Last day to turn in Placemaking applications for the Village Building Convergence! Drop in hours for help and special concerns tonight from 6:30 pm to 8:30 pm at City Repair’s office, 840 SE Alder Street.
Posts Tagged ‘natural building’
Posted in Uncategorized, tagged asset mapping, Block Repair, city repair, community gardens, food forest, green, natural building, Permaculture, urban agriculture on January 11, 2016| Leave a Comment »
Posted in Uncategorized, tagged asset mapping, Block Repair, city repair, climate change, community engagement, ecological design, green, natural building, planet repair, urban agriculture on January 7, 2016| Leave a Comment »
Posted in Uncategorized, tagged asset mapping, city repair, community engagement, community gardens, forest garden, forest gardening, natural building, planet repair, urban agriculture on January 5, 2016| Leave a Comment »
Placemaking applications for City Repair‘s help in creating intersection repairs, earthen buildings, and permaculture gardens are due January 14th. For more info and applications go to: http://www.cityrepair.org/become-a-placemaker/
or contact email@example.com
Posted in Uncategorized, tagged asset mapping, Block Repair, climate change, ecological design, forest gardening, natural building, Permaculture, Permaculture Design Course, resilience, water catchment on January 23, 2013| Leave a Comment »
Our course is embedded the neighborhood of Sellwood, where we grapple with urban transformation in a real context dealing with real people and social dynamics, challenges, and opportunities! Each session we explore a different ‘layer’ of the possibilities for neighborhood transformation and ‘block repair’. We consider simple no-cost or low-cost interventions and small scale intensive systems that any neighborhood could implement in order to help transition our urban spaces into thriving social ecologies. Blending the whole system design methods of permaculture with the urban reclamation techniques of block repair, we explore opportunities to reclaim the commons, activate underutilized spaces, integrate water management and energy systems, take down fences, create vibrant perennial food systems, and localize our economic relations.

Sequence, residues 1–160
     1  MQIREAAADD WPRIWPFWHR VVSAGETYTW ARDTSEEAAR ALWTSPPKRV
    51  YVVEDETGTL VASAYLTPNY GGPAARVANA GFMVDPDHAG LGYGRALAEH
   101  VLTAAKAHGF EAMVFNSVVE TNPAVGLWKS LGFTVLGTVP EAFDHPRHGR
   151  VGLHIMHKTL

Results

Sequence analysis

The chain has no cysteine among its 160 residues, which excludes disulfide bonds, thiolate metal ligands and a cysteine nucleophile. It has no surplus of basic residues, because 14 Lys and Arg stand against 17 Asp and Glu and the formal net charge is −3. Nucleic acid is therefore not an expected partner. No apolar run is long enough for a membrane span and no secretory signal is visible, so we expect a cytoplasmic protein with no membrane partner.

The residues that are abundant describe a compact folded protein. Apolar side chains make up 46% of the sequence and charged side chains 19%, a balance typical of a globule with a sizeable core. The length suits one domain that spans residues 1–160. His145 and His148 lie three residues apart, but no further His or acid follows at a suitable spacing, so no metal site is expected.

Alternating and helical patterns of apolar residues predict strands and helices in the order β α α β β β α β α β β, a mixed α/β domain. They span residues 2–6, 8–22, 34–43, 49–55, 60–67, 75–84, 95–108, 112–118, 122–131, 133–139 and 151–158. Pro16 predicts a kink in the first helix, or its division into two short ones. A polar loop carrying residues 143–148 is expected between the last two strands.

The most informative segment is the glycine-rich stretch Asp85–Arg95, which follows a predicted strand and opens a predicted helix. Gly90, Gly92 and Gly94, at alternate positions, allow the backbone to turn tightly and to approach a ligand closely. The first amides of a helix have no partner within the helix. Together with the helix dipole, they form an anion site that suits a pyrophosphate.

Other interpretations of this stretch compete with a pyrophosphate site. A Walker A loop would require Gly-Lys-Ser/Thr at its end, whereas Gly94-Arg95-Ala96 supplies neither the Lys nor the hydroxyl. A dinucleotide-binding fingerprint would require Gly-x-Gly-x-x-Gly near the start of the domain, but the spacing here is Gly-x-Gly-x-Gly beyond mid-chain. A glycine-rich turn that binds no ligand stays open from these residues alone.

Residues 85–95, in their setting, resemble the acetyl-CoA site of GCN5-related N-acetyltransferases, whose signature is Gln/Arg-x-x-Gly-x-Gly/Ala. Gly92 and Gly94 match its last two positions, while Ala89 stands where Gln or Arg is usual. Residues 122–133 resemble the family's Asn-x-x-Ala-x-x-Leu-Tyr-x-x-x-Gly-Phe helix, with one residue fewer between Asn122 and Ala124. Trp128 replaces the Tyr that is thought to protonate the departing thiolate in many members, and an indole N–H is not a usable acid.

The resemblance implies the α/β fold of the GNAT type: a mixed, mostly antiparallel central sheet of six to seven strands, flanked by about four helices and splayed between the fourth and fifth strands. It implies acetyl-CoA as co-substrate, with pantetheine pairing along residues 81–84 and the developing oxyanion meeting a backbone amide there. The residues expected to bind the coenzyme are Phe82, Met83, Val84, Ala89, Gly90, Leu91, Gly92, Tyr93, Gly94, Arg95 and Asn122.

We will be hosting many of our bioregion’s top instructors of ecological design who will cover a wide variety of topics, including soil remediation, water harvesting, food systems and forest gardening, natural building techniques, urban ecology and foraging, plant propagation and grafting techniques, small scale energy systems, climate change resilience strategies, ecological patterning, community mapping, drawing and graphing techniques, and collaborative design methods. However, our course is not limited to the classroom and theoretical learning – we will be spending lots time outside applying our knowledge, learning from hands-on techniques, and actively implementing systems that will have an immediate direct impact on the neighborhood and on the planet!
Costs and Dates
The course takes place over eight weekends between June and October:
June 22-23 July 6-7
July 20-21 August 10-11
August 31-September 1 September 14-15
October 5-6 October 12
Cost of the course is $650-800 sliding scale, which includes a delicious lunch during each class.
Download a Registration Form.
Early Bird Special – Register before the end of the Village Building Convergence (June 2nd) and receive a $50 discount.
Scholarships – For those of low-income wanting to inquire about scholarship opportunities, please contact us at firstname.lastname@example.org for more details.
Here’s another testimonial from a participant of last year’s PDC:
*I was blessed to be initiated into the world of urban permaculture through
the Planet Repair Institute’s Urban PDC! The course brilliantly integrates
permaculture design theory with heartfelt community action, empowering each
student to take a leading role in transforming the urban landscape into a
resilient, ecologically vibrant space. Each weekend, we rolled up our
sleeves to design urban food forests across city blocks, re-invent old
industrial zones with new edible landscaping, and co-create sustainable
neighborhood meeting places. Along with a dynamic team of guest teachers,
Mighk and Mark brought an outstanding breadth of experience, depth, and
humor to the class. And the local, organic meals were delicious! Today, I
am applying so much of what I learned in my own community, and look forward
to expanding my knowledge of urban permaculture over time. Thank you PRI
for this transformative experience, I am eternally grateful!*
– Emily Wood